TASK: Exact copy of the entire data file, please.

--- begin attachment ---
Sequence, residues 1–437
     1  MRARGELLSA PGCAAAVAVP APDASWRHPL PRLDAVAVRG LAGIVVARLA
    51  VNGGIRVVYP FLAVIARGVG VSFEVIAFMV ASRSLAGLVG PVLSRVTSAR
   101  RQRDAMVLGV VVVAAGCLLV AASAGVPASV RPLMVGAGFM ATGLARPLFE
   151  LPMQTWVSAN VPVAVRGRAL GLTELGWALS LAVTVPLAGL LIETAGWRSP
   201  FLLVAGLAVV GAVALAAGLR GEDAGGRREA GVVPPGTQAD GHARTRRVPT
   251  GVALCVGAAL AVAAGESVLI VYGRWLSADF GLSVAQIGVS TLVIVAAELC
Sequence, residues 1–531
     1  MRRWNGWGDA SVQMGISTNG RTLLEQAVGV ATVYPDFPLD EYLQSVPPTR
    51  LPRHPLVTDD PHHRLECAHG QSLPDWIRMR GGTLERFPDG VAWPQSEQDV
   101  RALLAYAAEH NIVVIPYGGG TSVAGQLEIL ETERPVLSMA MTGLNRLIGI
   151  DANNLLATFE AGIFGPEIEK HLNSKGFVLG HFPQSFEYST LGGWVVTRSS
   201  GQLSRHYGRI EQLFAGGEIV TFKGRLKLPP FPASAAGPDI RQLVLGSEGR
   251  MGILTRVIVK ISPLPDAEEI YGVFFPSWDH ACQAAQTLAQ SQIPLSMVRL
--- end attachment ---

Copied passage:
Sequence, residues 1–437
     1  MRARGELLSA PGCAAAVAVP APDASWRHPL PRLDAVAVRG LAGIVVARLA
    51  VNGGIRVVYP FLAVIARGVG VSFEVIAFMV ASRSLAGLVG PVLSRVTSAR
   101  RQRDAMVLGV VVVAAGCLLV AASAGVPASV RPLMVGAGFM ATGLARPLFE
   151  LPMQTWVSAN VPVAVRGRAL GLTELGWALS LAVTVPLAGL LIETAGWRSP
   201  FLLVAGLAVV GAVALAAGLR GEDAGGRREA GVVPPGTQAD GHARTRRVPT
   251  GVALCVGAAL AVAAGESVLI VYGRWLSADF GLSVAQIGVS TLVIVAAELC
Sequence, residues 1–531
     1  MRRWNGWGDA SVQMGISTNG RTLLEQAVGV ATVYPDFPLD EYLQSVPPTR
    51  LPRHPLVTDD PHHRLECAHG QSLPDWIRMR GGTLERFPDG VAWPQSEQDV
   101  RALLAYAAEH NIVVIPYGGG TSVAGQLEIL ETERPVLSMA MTGLNRLIGI
   151  DANNLLATFE AGIFGPEIEK HLNSKGFVLG HFPQSFEYST LGGWVVTRSS
   201  GQLSRHYGRI EQLFAGGEIV TFKGRLKLPP FPASAAGPDI RQLVLGSEGR
   251  MGILTRVIVK ISPLPDAEEI YGVFFPSWDH ACQAAQTLAQ SQIPLSMVRL